The receptor for the hormone oxytocin, which is thought to be crucial in establishing social bonds, may not be playing the important role scientists have attributed to it for the past 30 years, according to new research from UC San Francisco and Stanford Medicine researchers. This finding challenges decades-old dogma.
In the study, published in the journal Neuron, researchers discovered that shrews reproduce without oxytocin receptors and exhibit the same monogamous mating, attachment, and parenting behaviors as ordinary mice. Also, females lacking the oxytocin receptor gave birth and produced milk, although to a lesser extent than typical female voles.
The findings show that oxytocin receptors, popularly referred to as the "love hormone", are not the only biological factor that governs couple bonding and parenting.
While oxytocin is referred to as "Love Potion #9," psychiatrist Devanand Manoli, MD, Ph.D., one of the study's senior authors and a fellow of the UCSF Weill Institute for Neurosciences, suggested that potions 1 through 8 may be sufficient. “This study shows that oxytocin is probably just a small component of a much more complex genetic pathway.”
Field Mice with CRISPR
Researchers study prairie voles, one of the few mammalian species known to develop monogamous relationships throughout life, to learn more about the nature of social bonding.
In the 1990s, studies using drugs that inhibit the binding of oxytocin to its receptor showed that voles were unable to form a double bond. This led the researchers to conclude that the hormone is essential for the development of such relationships.
The current effort began as a result of the similar interests of Manoli and neurobiologist Nirao Shah, MD, Ph.D., now at Stanford Medicine. Since lecturing on oxytocin studies decades ago, Shah had a keen interest in oxytocin biology and social connectedness in prairie voles. Manoli joined Shah's group in 2007 as a postdoctoral researcher to study the neurology of social bonding.
The duo used the latest genetic technologies for this 15-year project to confirm whether the binding of oxytocin to its receptor is the cause of its double bond. They created prairie mice lacking working oxytocin receptors using CRISPR technology. The mutant mice were then tested to see if they could form long-term relationships with other mice.
The researchers were surprised that mutant voles formed double bonds as easily as normal voles.
Manoli observed that the patterns were indistinguishable. “In the absence of the oxytocin receptor, the primary behavioral traits that are presumed to be oxytocin-dependent – parenting by parents as well as sexual partner cuddling and rejection of other potential partners – appear to be completely intact.”
The fact that a significant proportion of female voles were able to give birth and produce milk for their young was even more shocking to Manoli and Shah than their pair bond. According to Manoli, oxytocin probably plays a more complex role in breastfeeding and childbirth than previously thought.
What You Didn't Know About Oxytocin
Despite the belief that birth is dependent on oxytocin, it has been proven that female mice without receptors can give birth in the same way as other animals and at the same time.
The findings contribute to a better understanding of the hormone's function in labor: While oxytocin is often used to induce labor, stopping its production is no more effective than using other methods for stopping contractions in very preterm mothers.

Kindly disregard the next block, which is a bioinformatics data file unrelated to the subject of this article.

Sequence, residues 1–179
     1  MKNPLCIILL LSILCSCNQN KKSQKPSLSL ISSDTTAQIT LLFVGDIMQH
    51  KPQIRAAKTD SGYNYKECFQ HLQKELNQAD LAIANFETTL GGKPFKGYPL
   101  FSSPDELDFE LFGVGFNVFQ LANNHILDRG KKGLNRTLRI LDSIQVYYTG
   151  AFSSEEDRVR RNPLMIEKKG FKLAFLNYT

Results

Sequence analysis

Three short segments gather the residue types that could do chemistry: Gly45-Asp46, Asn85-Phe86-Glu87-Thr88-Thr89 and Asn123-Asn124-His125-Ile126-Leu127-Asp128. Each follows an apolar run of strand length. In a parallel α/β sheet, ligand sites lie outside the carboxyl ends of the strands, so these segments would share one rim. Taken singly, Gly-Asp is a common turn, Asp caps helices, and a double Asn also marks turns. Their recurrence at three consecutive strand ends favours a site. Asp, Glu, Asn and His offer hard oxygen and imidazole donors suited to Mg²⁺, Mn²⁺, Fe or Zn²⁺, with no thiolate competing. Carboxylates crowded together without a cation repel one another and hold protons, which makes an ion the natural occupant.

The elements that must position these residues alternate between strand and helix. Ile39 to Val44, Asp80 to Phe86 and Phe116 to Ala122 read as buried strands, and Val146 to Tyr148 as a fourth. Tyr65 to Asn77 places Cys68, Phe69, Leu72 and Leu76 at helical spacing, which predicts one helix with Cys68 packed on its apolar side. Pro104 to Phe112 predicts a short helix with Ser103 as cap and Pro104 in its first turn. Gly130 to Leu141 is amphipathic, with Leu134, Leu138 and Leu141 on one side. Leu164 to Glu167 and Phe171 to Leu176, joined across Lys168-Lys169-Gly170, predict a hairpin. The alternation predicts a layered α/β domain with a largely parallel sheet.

But the researchers were surprised at how the animals produced milk and fed their young.
Because oxytocin binding to its receptor has long been believed to be essential for lactation and parental care, the fact that half of mutant females are successful at suckling and weaning their offspring suggests that oxytocin signaling may still play a role, but may not be as important as previously believed.
According to Shah, this refutes long-held beliefs about oxytocin and breastfeeding that are much longer than couple bonding. Medical textbooks typically state that the hormone mediates the lactation reflex, but here we say, "Wait, there's more to it than that."
Manoli and Shah focused on understanding the neurobiology and molecular mechanics of pair bonding, as it is believed to hold the key to better treatments for psychiatric disorders such as autism and schizophrenia that impair a person's capacity to form or maintain social bonds.
Over the past decade, clinical trials using oxytocin to treat these disorders have been approached with great optimism. However, the results were inconsistent and none showed a definitive path for improvement.
According to the researchers, this study clearly demonstrates that the current hypothesis linking social connectedness to a single pathway or chemical is simple. From an evolutionary perspective, they argued, this conclusion makes sense given the importance of attachment to the survival of many social species.
“These behaviors are too important for survival to be tied to a single potential point of failure,” Manoli added. “There are probably more genetic circuits or pathways that allow this behavior. While oxytocin receptor signaling is a component of this program, it is not the only component.”
This finding leads researchers into new ways to help those who have trouble interacting socially.
Shah said: “If we can uncover the primary pathway that mediates attachment and attachment behavior, we will have a highly medicated target for alleviating symptoms in autism, schizophrenia and many other psychiatric disorders.
Günceleme: 29/01/2023 00:37
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